• I love this article! The more I learn about connecting with people via the internet, the more I realize that A) there are so many more people like me than I ever realized; B) it’s not about having 8000 followers or 3000 friends, it’s about building strong relationships with the ones that matter (like Umut); and C) connections are what make my world go round! I love it SO much that I have recognized a need to teach the next generation (ok, high school students :) about how to connect with others and begin building networks that will be mutually beneficial for them, with a focus on GIVING to that respective network more than waiting until they need something. That is my vision, and I’m so passionate about it. As for me, I have been constantly inspired by Gary Vaynerchuk: his persistence, hustle, and the hard work he has put in over the years to get where he is, as well as the relationships he builds with his followers/fans. I got creative with connecting with him (when you have a million people seeking attention from someone, you need to be creative to stand out) and since then have sent a few direct messages, Snapchats, and Tweets back and forth. When he replied to a post of mine saying “you just get it”, I KNEW that I was on the right track. Having that sort of validation from someone who is an expert on the topic is a confidence builder and helps make my vision even more crystal clear. I was also able to connect with several teenagers and young adults at a conference recently who, until then, had only been in touch with via Instagram. One of whom told me that she started running again because of my inspiration. There is no better feeling than knowing your work is making a difference in even just one life. Amazing. Thanks again for this article!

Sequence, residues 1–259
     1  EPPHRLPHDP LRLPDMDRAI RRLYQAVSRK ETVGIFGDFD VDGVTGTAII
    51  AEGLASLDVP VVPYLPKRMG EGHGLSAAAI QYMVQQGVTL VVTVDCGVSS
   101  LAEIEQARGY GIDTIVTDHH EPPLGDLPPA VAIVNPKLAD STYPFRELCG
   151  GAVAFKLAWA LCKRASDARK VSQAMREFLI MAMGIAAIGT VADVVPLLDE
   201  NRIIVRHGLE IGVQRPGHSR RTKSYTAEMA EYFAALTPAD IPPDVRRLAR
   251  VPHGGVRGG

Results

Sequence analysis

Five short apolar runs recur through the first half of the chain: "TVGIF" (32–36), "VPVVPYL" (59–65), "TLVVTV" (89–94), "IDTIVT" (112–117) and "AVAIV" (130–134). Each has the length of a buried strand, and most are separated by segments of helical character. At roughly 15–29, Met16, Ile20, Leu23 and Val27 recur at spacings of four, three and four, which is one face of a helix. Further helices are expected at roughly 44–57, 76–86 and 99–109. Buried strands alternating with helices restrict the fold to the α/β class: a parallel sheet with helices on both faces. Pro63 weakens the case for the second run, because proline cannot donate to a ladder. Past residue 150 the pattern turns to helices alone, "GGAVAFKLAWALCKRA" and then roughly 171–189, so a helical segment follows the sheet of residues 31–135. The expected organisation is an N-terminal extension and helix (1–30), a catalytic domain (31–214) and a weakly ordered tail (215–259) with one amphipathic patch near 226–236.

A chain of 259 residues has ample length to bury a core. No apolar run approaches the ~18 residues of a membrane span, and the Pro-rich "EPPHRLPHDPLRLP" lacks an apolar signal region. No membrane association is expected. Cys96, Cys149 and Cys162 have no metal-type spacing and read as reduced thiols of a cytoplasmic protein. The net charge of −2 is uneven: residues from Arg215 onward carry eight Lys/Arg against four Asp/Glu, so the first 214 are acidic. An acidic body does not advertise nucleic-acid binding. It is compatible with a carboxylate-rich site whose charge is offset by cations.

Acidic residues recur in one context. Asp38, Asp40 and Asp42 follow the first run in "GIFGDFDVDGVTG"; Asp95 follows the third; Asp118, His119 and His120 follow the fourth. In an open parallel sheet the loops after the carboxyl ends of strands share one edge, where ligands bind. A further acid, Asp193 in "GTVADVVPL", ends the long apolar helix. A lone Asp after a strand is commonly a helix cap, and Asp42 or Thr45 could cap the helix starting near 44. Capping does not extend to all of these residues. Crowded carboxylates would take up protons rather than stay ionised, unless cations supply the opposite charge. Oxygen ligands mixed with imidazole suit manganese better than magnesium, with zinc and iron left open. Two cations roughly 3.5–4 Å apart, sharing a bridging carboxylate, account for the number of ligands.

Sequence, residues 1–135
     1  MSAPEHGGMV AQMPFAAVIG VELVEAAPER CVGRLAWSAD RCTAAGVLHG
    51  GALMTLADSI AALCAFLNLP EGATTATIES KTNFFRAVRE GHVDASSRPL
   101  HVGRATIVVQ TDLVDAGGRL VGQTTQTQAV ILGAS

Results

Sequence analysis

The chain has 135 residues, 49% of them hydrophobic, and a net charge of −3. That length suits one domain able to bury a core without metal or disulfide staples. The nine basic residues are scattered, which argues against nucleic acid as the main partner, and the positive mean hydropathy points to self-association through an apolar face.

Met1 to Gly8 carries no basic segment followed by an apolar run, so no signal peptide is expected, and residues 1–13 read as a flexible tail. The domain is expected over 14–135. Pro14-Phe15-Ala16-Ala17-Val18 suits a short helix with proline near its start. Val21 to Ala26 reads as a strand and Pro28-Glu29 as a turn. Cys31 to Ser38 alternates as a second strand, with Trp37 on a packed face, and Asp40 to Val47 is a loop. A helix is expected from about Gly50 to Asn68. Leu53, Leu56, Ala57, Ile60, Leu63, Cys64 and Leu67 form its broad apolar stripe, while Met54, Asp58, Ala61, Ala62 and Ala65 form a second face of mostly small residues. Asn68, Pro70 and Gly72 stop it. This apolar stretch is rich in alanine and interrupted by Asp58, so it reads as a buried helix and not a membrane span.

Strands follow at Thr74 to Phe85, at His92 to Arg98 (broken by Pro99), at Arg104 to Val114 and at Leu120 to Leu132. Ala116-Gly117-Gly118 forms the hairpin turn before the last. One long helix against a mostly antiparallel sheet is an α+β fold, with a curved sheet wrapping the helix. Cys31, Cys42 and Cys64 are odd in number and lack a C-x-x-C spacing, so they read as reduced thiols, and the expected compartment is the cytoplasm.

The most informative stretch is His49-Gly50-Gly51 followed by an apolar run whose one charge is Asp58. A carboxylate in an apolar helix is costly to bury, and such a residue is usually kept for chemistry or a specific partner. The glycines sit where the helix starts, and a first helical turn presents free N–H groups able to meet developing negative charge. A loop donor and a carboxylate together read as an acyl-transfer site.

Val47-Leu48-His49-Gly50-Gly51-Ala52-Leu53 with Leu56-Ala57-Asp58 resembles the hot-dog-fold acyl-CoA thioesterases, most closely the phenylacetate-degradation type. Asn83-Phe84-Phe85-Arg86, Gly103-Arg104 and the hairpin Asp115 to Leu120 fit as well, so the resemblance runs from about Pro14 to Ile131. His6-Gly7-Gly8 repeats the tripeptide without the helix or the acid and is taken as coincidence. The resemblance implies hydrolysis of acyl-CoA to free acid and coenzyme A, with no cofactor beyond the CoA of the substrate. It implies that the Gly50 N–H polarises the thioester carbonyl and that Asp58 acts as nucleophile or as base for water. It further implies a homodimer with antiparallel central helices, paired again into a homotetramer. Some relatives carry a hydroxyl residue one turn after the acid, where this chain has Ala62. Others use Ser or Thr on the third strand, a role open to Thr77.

• Hey Monet! Thanks for the awesome feedback — if I’m honest, I didn’t feel as confident about the final version of this post, but I’m glad that it resonated for you. Thanks for sharing your experience about connecting with Gary, and congrats on hustling yourself forward on your path to inspiring others!

      • Thanks, Ginger! Have a beautiful day :)

  • Hi, again! Sorry for blowing up your comments. I just found this webinar by Scott Dinsmore which will take place Tuesday night and felt it fit in perfectly with this conversation! Link to register is included here. Topic: The 9 Step Process for Making Genuine Connections with World-Changing People
    https://attendee.gotowebinar.com/register/7829378562374661632

  • [...] upon your current level of consciousness. There are no right or wrong answers, so feel free to expand your perspective through [...]

  • Thank you, this will help me with my GCSE Philosophy and Ethics homework.

  • Thank you so much, this will help me with my GCSE Philosophy and Ethics homework.

  • Excellent post!

    It’s funny how people are so concerned in improving every single aspect of their lives except themselves. They care about having the next car, the next phone, the next watch, the best clothes etc.

    But how often do people stop and say, I want to expand my skills in a certain area. I want to push my comfort zone and reach out to more people. I want to lear a new language. I want to master a new hobby.

    • Thanks, Sebastian! It’s super easy to see how improving yourself leaves lasting benefits…whereas that new car is somehow always getting old ;)

  • Truly agree with your points, Ginger :) And thanks for encouraging people around you!

    • Hey Ivana, thanks for commenting! I’m happy to get more people out and about in the world, connecting with other great people :)